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Detecting Non-Organic Hearing Loss at CI Assessment

Cullington, Helen PhD

doi: 10.1097/01.HJ.0000513792.67299.0f
Journal Club

Dr. Cullington is an associate professor, a research coordinator, and the principal clinical scientist at the University of Southampton Auditory Implant Service.

Non-organic hearing loss can be defined as “a decrease in hearing that is unexplained by anatomic or physiologic abnormalities, or both” (Semin Neurol. 2006;26[3]:321 http://bit.ly/2kt3GJc). It has also been called functional hearing loss, psychogenic hearing loss, pseudohypacusis, and “hysterical hearing loss,” which is hopefully no longer used today. A patient with normal hearing can present with non-organic loss; equally, this condition could be an exaggeration of organic hearing loss.

Non-organic hearing loss is often discussed in medicolegal cases. It is not difficult to understand why someone may exaggerate a hearing complaint when decibels mean dollars. But one area in audiology where non-organic hearing loss is not usually mentioned is cochlear implantation. Prior to the study of Mistry, et. al, only nine cases were reported on non-organic hearing loss among patients with cochlear implants (Cochlear Implants Int. 2016;17[6]:276 http://bit.ly/2k3ChRx; Acta Otolaryngol. 2015;135[4]:376 http://bit.ly/2ktlzHM; Am J Otol. 1994;15[5]:652 http://bit.ly/2ktz9Lf).

In the United Kingdom, cochlear implant centers follow the guidelines provided by the National Institute for Health and Care Excellence (NICE) in determining cochlear implant candidacy (NICE, 2009 http://bit.ly/2ktwhy1). Without satisfying these criteria, the procedure will not be funded by the National Health Service (NHS). Many clinicians and patients feel that the guidelines are too strict, and some people who may benefit from an implant are being rejected. Considering the strict criteria, which forged a public perception that it is difficult to get an implant through the NHS, it may not be surprising that some people with severe hearing loss exaggerate their condition in hopes of receiving extra help.

Mistry and colleagues presented an interesting and clinically relevant discussion on non-organic hearing loss (Cochlear Implants Int. 2016 http://bit.ly/2k3ChRx). Their study was a retrospective review of patients referred to the Yorkshire Auditory Implant Service between 2003 and 2015. During this period, 1,541 people were assessed for a cochlear implant; 760 of them underwent implant surgery. Thirty-two people were found to have non-organic hearing loss, five of which have normal hearing thresholds.

Presenting for cochlear implantation despite having normal hearing seems like a big cry for help. Having a cochlear implant in a normal ear poses unnecessary economic, surgical, and health risks. For example, inserting a cochlear implant electrode damages the cochlea and causes permanent hearing loss.

The same issues are of concern in those patients with non-organic hearing loss in the presence of some organic impairment. The 32 people with non-organic hearing loss were between 14 and 82 years old, with a mean age of 43. There were slightly more women than men. The authors noted that none of the patients with normal hearing thresholds had any psychiatric history, although a small number of those with exaggerated organic loss did. In addressing cases of non-organic hearing loss, clinicians need to employ a sensitive and thorough approach to understand the complex underlying factors. This treatment approach is notably important for patients requesting a cochlear implant and may merit psychiatric assessment.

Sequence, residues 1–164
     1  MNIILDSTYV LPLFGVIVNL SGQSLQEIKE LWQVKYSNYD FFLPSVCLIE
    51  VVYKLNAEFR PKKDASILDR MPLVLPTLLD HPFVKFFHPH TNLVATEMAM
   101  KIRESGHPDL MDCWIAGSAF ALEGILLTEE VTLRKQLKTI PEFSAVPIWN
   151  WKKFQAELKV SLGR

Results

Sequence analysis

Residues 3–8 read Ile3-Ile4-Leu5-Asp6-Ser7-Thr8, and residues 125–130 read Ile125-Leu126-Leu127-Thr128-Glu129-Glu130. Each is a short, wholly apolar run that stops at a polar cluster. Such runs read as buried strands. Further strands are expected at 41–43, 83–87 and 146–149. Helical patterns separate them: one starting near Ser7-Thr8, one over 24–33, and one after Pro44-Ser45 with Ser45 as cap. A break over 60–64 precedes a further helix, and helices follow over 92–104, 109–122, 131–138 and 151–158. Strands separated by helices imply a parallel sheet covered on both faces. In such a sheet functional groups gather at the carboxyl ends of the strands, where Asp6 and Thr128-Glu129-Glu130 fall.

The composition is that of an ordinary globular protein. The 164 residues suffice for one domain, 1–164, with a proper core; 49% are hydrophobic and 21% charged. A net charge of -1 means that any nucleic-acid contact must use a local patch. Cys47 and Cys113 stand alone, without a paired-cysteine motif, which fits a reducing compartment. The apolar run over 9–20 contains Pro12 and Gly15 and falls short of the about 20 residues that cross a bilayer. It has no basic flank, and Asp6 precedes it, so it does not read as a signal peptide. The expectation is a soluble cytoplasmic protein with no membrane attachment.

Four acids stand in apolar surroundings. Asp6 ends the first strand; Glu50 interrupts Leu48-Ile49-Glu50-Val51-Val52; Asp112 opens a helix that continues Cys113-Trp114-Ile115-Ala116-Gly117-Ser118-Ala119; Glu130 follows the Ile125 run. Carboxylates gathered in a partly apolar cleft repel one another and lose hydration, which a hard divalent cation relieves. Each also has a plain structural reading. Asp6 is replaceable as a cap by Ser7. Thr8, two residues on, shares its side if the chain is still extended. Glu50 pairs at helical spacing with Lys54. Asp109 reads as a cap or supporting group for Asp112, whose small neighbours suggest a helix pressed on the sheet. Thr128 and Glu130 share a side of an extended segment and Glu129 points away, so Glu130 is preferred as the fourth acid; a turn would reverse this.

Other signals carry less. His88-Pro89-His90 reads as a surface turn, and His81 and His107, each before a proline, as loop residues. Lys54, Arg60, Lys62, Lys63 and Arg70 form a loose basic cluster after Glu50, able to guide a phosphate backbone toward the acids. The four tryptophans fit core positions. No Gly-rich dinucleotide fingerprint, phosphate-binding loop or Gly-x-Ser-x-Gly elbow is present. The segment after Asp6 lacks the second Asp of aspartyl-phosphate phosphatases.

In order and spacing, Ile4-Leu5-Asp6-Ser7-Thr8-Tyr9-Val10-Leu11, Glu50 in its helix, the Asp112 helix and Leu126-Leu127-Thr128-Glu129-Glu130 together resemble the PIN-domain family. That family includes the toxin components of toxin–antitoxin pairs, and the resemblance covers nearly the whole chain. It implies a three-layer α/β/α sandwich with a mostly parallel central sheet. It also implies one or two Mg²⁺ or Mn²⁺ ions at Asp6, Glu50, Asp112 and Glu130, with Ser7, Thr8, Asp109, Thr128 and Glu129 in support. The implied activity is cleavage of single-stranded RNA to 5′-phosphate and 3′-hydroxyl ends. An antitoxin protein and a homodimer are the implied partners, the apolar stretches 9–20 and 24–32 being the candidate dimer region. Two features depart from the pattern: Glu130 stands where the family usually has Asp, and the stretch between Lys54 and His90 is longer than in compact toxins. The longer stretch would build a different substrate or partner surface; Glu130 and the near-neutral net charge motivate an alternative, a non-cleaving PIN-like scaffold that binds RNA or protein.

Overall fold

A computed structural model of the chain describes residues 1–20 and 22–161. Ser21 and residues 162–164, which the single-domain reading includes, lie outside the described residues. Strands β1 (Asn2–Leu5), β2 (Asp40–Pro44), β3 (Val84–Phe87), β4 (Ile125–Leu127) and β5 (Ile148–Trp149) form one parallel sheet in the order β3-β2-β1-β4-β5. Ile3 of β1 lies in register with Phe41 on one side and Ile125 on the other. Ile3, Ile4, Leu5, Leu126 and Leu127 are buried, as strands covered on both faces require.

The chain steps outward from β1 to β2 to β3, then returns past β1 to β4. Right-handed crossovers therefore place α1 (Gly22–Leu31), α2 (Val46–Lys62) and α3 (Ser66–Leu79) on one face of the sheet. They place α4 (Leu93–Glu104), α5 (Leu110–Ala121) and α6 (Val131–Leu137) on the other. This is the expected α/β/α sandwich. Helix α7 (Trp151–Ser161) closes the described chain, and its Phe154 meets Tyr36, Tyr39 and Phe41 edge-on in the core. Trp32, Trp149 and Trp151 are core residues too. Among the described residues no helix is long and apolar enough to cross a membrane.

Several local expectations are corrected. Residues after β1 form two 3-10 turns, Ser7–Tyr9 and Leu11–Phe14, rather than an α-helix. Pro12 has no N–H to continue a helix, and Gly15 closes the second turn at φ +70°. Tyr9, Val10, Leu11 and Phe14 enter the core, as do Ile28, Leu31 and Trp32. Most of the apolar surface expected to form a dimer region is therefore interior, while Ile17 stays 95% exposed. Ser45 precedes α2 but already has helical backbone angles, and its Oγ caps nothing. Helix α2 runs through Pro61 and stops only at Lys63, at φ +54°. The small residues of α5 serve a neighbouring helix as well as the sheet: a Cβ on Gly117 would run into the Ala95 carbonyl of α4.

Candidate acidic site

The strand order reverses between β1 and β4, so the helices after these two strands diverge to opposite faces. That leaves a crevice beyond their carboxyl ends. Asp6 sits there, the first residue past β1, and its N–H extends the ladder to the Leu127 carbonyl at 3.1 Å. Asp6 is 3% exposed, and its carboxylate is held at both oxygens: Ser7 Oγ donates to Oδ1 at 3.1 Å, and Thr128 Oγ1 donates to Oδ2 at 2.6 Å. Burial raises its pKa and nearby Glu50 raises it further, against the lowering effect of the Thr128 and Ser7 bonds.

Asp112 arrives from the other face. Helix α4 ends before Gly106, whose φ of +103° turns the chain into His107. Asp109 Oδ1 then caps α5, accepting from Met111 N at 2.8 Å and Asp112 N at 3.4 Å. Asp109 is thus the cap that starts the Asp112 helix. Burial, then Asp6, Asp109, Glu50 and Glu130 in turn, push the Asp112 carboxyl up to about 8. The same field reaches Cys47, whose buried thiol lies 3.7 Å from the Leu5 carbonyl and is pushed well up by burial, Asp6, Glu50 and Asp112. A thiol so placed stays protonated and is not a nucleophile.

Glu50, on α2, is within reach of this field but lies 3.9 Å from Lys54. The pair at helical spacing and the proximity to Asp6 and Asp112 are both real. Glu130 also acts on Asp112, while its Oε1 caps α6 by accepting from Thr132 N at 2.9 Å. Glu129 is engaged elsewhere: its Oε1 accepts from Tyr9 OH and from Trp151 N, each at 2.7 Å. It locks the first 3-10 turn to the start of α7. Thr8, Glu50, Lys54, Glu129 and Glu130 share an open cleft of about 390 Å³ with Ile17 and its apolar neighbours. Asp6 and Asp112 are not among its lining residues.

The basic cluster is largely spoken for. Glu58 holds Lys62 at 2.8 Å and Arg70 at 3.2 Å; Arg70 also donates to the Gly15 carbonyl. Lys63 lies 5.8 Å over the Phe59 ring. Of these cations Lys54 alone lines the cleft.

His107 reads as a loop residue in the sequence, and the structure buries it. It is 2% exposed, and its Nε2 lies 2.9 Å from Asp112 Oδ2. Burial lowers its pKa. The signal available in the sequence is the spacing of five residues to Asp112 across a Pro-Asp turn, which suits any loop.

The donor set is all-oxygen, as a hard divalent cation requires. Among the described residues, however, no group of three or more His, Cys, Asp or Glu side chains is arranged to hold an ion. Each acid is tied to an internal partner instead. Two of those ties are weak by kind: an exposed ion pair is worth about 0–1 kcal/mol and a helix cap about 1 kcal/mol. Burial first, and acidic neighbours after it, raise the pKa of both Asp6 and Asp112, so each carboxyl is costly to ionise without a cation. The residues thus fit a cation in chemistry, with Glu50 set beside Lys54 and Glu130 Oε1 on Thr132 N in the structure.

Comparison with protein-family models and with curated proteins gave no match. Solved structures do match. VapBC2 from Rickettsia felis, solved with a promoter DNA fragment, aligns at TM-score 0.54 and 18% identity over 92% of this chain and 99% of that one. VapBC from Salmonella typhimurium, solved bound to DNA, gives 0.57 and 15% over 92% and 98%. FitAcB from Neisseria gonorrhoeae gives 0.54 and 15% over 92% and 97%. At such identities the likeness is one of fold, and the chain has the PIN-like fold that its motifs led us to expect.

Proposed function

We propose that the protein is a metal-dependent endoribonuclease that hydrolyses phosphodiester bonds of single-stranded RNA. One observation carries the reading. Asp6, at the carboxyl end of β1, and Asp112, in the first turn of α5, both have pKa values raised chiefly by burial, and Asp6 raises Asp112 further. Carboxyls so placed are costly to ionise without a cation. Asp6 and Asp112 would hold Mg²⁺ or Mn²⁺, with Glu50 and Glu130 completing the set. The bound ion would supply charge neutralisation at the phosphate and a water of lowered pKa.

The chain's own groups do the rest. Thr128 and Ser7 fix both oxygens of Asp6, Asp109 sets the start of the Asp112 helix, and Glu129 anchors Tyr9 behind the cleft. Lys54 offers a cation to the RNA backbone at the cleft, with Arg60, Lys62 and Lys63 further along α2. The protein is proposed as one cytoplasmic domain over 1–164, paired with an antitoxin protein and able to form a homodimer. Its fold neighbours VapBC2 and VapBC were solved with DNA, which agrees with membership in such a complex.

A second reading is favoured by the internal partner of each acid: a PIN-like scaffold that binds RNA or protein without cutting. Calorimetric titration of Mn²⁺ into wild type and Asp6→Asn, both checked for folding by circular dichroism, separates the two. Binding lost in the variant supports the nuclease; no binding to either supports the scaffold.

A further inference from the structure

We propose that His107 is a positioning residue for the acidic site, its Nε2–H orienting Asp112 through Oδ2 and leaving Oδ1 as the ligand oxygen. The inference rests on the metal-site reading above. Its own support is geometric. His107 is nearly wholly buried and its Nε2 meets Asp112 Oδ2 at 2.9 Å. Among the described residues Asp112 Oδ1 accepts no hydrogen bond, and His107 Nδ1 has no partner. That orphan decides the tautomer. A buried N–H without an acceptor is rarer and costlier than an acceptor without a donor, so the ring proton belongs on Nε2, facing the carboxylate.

The authors also documented how non-organic hearing loss was diagnosed—mismatches between observed behavior and testing, stapedial reflex thresholds lower than audiometric thresholds, and a history of sudden hearing loss. They recommended the use of cortical evoked response audiometry (CERA) to assess patients with any of the following factors:

* Measured stapedial reflexes at levels below the reported hearing threshold (PTA)

* Any reported or documented sudden decrease in hearing thresholds in one or both ears

* A mismatch between hearing thresholds and functional hearing test results at clinicians’ discretion

* A mismatch between hearing thresholds and observed behavior at clinicians’ discretion

* A mismatch between functional hearing test results and observed behavior at clinicians’ discretion

* Indications of suspected non-organic hearing loss from local audiology documentation

* Use of English as a second language and little experience of performing PTA

This paper estimated the incidence of non-organic hearing loss during cochlear implant assessment to be around two percent. This suggests that one or two cases per year may present at various cochlear implant centers. However, these cases seem underreported, and there is currently no clinical guidelines on how to manage them.

Audiology professionals have committed to helping people with hearing impairments; people with non-organic hearing problems are no exception. They may not benefit from a cochlear implant, but they would benefit from different forms of assistance. It is the job of audiologists and clinicians to evaluate all patients sensitively and effectively, and make the best decisions to help them.

Journal Club Highlight

Inside implant criteria or not? – Detection of non-organic hearing loss during cochlear implant assessment

Mistry SG, Carr SD, Tapper L, et. al. Cochlear Implants Int. 2016;17(6):276 http://bit.ly/2k3chRx

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